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Across Land & Sea Travel Blog

Margaret River Wine Tour: What to expect

Never one for half measures, a full-day wine tour was on our bucket list long before we reached the cellar doors of the Margaret River Region.

Cabernet is king and Semillon Sauvignon Blanc blends abound, as we discovered on our day with McLeod Tours. 

The McLeod family have run tours in the north of Western Australia for decades and their farm in Margaret River has been in the family for over 100 years.

Neil McLeod’s wife Coralie is the driving force of the business and we were pleased to speak with her when booking our tour. We also met Jon, our tour guide for the day, who was knowledgeable not only about wine, but about other areas in Australia and the world, notably Japan.

Jon picked us up at 9.30am and along with a small group of other wine (or perhaps just drinking) enthusiasts, we began a long day of sampling the delicious produce the region has to offer.  

STOP Nº 1 – YAHAVA KOFFEE WORKS

Dutch founder Alex Kok sits on his motorbike, which he used to explore the world’s coffee growing regions, in a life-size photograph at the roastery’s entrance. Inside, coffee beans are being roasted under specific conditions, set up by the connected laptop.

Our tasting guide Judy introduced us to three coffees: Costa, X-Rated and Kahava. With each tasting, Judy gave us a myriad of facts about coffee beans and the roasting process. Adding boiling water will burn coffee and alter its taste, as the ideal temperature is between 87 and 90 degrees celsius; coffee beans can nearly double in size during a process known as ‘cracking’; fresh coffee isn’t best and an ageing process is necessary to allow gas to escape and flavours to flourish.

Neither of us are big coffee drinkers, but we enjoyed tasting cups of varying strengths, learning about the complexity of creating great flavours, and window shopping the vast range of paraphernalia on sale.

STOP Nº 2 – REDGATE WINES

The Redgate vineyard has been operating for nearly forty years, producing handcrafted wine and using quality oak to create sophisticated flavours.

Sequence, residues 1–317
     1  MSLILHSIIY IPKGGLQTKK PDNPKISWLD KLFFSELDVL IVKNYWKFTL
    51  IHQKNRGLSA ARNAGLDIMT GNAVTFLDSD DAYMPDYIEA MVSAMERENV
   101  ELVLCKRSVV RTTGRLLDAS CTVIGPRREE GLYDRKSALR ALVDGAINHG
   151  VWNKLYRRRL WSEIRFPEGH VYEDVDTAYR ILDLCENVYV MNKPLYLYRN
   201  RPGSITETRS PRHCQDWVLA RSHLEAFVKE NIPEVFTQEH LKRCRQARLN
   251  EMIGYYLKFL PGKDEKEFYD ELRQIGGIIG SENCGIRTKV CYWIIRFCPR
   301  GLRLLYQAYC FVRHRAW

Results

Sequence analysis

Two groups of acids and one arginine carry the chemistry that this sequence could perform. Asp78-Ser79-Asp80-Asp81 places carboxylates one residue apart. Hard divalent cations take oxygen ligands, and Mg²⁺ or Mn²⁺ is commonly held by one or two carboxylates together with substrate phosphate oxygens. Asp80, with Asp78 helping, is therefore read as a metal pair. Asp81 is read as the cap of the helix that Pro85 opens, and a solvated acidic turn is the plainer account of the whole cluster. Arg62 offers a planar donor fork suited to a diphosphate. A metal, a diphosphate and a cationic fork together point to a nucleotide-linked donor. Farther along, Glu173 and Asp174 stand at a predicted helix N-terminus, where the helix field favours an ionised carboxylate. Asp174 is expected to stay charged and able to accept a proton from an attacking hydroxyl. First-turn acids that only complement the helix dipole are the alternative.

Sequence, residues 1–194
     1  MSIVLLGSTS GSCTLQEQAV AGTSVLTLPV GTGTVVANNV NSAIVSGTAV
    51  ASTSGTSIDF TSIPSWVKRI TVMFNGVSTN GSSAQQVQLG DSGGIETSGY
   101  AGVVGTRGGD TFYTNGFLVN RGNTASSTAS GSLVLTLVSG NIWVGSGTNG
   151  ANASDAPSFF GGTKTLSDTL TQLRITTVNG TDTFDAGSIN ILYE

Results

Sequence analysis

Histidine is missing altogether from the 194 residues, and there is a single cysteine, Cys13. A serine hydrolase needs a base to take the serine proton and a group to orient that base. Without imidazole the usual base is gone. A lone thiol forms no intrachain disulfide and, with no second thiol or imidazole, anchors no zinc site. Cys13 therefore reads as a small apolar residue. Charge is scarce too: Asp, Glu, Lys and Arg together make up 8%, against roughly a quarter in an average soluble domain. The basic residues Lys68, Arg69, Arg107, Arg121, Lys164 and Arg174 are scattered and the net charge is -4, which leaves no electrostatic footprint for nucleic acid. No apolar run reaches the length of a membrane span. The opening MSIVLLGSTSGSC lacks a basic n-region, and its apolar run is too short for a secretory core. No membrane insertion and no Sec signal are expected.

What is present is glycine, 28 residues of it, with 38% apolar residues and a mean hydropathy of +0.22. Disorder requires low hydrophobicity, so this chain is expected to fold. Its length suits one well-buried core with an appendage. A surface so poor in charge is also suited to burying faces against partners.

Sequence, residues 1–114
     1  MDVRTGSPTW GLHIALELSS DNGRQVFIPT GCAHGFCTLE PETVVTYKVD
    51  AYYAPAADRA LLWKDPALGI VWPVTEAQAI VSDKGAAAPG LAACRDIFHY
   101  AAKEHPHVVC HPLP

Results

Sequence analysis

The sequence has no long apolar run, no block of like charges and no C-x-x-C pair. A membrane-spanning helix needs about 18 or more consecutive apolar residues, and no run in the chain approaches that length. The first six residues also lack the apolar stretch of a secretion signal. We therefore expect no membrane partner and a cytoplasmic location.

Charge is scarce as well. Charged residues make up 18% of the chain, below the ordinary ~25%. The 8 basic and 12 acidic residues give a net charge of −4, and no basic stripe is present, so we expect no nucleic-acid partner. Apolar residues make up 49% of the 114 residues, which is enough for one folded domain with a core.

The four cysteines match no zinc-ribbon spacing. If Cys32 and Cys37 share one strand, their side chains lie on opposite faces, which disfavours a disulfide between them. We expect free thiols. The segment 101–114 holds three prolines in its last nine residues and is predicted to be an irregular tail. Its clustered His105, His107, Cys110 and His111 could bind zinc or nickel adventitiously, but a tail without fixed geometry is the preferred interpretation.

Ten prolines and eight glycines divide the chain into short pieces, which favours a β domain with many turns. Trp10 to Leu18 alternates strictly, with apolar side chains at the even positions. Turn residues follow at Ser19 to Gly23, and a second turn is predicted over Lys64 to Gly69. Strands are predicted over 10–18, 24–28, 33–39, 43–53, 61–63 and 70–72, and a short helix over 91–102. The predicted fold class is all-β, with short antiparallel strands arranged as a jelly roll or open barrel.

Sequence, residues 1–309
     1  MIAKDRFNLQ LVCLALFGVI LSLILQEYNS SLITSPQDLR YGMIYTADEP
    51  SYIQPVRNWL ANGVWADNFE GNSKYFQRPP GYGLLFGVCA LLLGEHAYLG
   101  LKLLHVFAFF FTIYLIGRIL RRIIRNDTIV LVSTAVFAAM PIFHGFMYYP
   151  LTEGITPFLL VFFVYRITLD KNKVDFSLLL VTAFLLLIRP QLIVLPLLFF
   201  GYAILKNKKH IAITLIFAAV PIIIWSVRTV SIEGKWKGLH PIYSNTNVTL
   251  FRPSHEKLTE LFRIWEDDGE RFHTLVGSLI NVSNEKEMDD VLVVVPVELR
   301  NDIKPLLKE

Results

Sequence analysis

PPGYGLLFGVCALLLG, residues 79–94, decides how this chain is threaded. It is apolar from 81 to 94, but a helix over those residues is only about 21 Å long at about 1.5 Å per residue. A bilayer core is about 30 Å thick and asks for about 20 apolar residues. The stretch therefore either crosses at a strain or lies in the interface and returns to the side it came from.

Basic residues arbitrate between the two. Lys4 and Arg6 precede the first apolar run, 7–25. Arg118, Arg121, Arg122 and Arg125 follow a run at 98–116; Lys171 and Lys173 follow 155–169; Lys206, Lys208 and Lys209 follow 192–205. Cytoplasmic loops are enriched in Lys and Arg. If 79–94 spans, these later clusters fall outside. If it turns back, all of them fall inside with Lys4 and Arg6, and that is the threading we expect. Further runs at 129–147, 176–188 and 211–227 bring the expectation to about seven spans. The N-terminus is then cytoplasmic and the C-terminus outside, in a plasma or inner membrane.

Current owner Ray taught us how to aerate a bottle of wine to ensure it lasts for at least three days after opening (shake, let a small amount of air out, refrigerate and hey presto!), and told us the different application and time it takes to make each wine. 

We sampled nearly twenty wines, from their crisp NV Sparkling ‘Bubbles’ made of 56% chardonnay and 44% pinot noir, to the gorgeous dessert wine ‘Anastacia’, made with chenin blanc juice and fortified with brandy in the traditional mistelle style. Their 2014 Sauvignon Blanc Reserve is a double bronze medal winner, but their sweet, fruity 2015 Whispering White became our favourite.

Rachel adores rosé, like many other Redgate visitors: their 2015 wine had recently sold out but we managed to buy a fresh batch – it had just been bottled that morning.

Matt enjoyed tasting the 2014 Ullinger Reserve Cabernet Franc. Made from 38-year-old vines and from six of their finest barrels, and priced at $65, it is no wonder it became one of his favourites!

The double bronze award winner 2014 Bin 588, a blend of Cabernet Sauvignon, Cabernet Franc, Merlot and Shiraz, was also deliciously spicy sweet with a velvety finish.

We took home a Rhapsody in Red NV, one of the few red wines that Rachel loved, which was full bodied with a soft berry aftertaste.

STOP Nº 3 – WATERSHED PREMIUM WINES

The picture-perfect Watershed begs to be photographed, but a blazing stone fire and friendly Irish barman soon beckoned us indoors. Still floating from our previous tasting, we tried several of their ‘Shades’ and ‘Senses’ collection of wines, many of which are available in bottle shops.

By leaving the grapes an extra three weeks on the vine until they shrivel like raisins, they can create the lusciously syrupy 2014 Late Harvest Viognier.